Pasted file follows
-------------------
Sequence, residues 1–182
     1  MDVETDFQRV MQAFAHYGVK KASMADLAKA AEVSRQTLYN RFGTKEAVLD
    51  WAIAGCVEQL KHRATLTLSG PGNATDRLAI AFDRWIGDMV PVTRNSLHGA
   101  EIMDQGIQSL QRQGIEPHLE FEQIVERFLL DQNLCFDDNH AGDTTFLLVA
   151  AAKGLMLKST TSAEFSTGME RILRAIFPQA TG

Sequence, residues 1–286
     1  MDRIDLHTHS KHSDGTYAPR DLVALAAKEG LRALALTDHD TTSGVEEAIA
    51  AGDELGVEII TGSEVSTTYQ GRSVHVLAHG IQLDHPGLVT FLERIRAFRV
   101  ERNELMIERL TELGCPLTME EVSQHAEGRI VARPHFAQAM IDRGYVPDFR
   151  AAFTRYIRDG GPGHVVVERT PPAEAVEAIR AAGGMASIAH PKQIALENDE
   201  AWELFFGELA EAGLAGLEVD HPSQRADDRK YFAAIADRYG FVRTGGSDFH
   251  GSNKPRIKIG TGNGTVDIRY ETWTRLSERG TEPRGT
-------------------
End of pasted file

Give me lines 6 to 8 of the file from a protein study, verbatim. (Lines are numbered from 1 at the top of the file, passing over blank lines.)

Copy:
Sequence, residues 1–286
     1  MDRIDLHTHS KHSDGTYAPR DLVALAAKEG LRALALTDHD TTSGVEEAIA
    51  AGDELGVEII TGSEVSTTYQ GRSVHVLAHG IQLDHPGLVT FLERIRAFRV